Weekly Pricing Pulse: Commodity prices decline on industrial metal weakness
Our Materials Price Index (MPI) fell another 0.4% last week, the eighth consecutive weekly drop. The decline was broad, with seven out of the ten MPI sub-components lower. This latest move means commodity prices have fallen 12.4% since the end of July.
Industrial metals were the main contributor to the MPI's decline last week. Our ferrous sub-index was down 5.5% as iron ore prices fell for the tenth week in a row. Iron ore prices dropped to $117 a tonne, after peaking at over $230 in July. The reason for the price drop is linked to uncertainty over future Chinese steel production. Authorities in mainland China have asked many heavy industries to limit production to help meet emission targets or curb electricity consumption because of power shortages. Chinese markets are also grappling with the fallout from the possible collapse in Evergrande, the huge property developer, which helped to send copper and nickel prices down last week. In contrast to weaker metal prices, energy prices are showing strength with natural gas prices again lifted the energy component of the MPI. The 3.4% increase in the energy index was propelled by an 8.2% weekly climb in natural gas prices. Liquefied natural gas (LNG) import prices have doubled since early July in Europe. With depleted stocks in Europe, weak pipeline imports from Russia, and strong LNG demand in Asia, European traders have pushed prices to record levels. The tight market entering winter suggests elevated prices will last through much of the near term.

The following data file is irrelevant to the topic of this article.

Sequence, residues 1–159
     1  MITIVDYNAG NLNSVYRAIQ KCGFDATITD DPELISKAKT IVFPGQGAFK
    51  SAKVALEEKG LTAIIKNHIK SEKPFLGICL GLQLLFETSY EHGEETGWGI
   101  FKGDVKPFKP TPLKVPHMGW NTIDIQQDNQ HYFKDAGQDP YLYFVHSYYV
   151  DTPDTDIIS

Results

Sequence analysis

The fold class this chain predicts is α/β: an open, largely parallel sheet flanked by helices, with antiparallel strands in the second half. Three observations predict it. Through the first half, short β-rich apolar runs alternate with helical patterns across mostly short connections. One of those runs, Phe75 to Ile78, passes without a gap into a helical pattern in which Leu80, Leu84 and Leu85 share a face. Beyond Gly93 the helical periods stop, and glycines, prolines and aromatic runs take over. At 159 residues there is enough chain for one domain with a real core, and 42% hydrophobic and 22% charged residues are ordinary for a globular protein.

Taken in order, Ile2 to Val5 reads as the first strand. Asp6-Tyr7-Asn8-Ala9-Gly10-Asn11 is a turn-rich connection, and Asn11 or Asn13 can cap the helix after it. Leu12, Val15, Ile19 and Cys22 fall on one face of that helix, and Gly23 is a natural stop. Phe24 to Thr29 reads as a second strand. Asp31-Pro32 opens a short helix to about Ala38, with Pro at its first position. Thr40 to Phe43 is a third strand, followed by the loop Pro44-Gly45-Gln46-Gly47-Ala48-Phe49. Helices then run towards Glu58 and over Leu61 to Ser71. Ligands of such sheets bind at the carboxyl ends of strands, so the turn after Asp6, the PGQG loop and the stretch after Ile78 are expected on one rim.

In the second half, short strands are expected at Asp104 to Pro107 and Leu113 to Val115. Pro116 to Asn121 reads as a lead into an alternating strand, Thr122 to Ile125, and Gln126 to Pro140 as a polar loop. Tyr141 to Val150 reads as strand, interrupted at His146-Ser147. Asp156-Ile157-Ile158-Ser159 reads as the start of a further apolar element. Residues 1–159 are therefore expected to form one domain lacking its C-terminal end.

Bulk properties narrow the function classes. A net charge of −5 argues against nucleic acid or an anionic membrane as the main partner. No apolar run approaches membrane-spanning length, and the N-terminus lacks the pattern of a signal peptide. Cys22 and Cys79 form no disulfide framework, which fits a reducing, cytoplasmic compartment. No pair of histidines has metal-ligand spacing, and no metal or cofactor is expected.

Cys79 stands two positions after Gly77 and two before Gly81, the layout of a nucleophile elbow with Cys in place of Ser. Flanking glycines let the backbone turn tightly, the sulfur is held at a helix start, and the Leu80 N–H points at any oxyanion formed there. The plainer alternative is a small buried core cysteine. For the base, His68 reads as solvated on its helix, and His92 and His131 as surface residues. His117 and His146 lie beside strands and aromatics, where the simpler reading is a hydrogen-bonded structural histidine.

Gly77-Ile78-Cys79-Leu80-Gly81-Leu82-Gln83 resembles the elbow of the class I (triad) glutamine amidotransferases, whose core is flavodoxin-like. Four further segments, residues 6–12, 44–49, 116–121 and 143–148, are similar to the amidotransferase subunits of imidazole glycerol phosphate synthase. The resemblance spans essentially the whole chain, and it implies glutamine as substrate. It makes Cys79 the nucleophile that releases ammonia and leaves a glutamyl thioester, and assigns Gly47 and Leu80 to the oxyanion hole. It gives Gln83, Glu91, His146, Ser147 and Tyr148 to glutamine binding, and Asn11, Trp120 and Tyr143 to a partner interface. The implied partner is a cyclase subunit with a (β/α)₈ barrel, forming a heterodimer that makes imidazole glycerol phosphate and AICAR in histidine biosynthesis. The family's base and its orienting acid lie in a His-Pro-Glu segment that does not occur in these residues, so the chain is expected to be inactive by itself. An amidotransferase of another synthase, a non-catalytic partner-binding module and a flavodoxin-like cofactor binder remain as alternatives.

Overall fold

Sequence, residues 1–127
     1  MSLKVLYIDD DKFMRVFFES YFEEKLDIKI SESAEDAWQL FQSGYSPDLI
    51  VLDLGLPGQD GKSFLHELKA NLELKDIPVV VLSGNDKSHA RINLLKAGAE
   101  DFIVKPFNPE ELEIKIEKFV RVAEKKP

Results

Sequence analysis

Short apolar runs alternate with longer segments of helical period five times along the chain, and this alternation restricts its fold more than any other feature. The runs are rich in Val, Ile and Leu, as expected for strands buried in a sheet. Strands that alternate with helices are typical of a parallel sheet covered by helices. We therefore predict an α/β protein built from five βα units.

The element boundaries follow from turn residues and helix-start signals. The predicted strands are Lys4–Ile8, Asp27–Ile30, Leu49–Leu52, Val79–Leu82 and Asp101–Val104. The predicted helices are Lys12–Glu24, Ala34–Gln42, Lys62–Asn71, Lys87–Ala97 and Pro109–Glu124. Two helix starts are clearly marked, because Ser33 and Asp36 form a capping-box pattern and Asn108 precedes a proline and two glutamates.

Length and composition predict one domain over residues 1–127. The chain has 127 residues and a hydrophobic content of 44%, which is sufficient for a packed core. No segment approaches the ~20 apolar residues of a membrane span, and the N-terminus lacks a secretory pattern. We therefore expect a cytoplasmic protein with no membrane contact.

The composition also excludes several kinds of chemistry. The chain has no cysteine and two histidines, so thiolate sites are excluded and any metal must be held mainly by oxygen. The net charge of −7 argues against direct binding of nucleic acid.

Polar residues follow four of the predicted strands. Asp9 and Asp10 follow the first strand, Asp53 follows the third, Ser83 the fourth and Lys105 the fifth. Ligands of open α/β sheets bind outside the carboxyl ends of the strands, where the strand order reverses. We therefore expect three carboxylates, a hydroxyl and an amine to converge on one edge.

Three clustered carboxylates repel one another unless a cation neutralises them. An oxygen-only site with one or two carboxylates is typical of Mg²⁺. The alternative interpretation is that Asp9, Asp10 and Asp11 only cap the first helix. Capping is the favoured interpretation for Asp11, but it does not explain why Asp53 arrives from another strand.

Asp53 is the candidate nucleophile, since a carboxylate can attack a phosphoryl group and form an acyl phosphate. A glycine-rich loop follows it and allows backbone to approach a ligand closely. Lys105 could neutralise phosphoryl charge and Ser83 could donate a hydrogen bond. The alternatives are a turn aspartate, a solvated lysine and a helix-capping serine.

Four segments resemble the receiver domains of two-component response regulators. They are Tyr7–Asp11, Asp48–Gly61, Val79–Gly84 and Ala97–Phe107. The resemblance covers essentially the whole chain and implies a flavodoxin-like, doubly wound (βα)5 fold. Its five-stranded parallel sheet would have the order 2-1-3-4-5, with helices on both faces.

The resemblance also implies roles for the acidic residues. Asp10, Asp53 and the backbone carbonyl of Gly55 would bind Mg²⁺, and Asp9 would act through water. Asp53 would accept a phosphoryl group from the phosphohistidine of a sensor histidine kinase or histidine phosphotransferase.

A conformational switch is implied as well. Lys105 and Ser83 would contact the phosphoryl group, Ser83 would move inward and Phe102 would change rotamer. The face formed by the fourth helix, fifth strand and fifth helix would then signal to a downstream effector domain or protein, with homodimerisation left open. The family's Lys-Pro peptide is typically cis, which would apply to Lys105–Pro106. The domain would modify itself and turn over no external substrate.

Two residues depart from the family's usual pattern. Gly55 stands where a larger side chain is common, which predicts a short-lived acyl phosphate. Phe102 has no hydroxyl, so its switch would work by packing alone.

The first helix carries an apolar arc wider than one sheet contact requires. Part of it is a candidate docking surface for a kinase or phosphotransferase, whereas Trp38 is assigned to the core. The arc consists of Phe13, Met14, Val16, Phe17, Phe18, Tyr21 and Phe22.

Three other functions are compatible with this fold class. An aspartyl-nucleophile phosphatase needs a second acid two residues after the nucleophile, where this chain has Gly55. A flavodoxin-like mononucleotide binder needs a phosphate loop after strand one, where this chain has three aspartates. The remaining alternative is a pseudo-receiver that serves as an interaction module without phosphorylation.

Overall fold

While the drop in the MPI since early May meshes with the change we have been expecting to see in commodity markets, the recent string of weekly declines looks to end soon if not next week. The correction in metal markets appears to have run its course - at least for now - while the recent strength in energy markets looks to continue into the fourth quarter with winter approaching in the Northern Hemisphere. Chemical markets have remained quiet in the face of higher energy feedstock costs, a condition that will not persist if energy prices continue to show strength. Strength in these two sectors alone should be enough to lift the MPI absent sharp corrections elsewhere.
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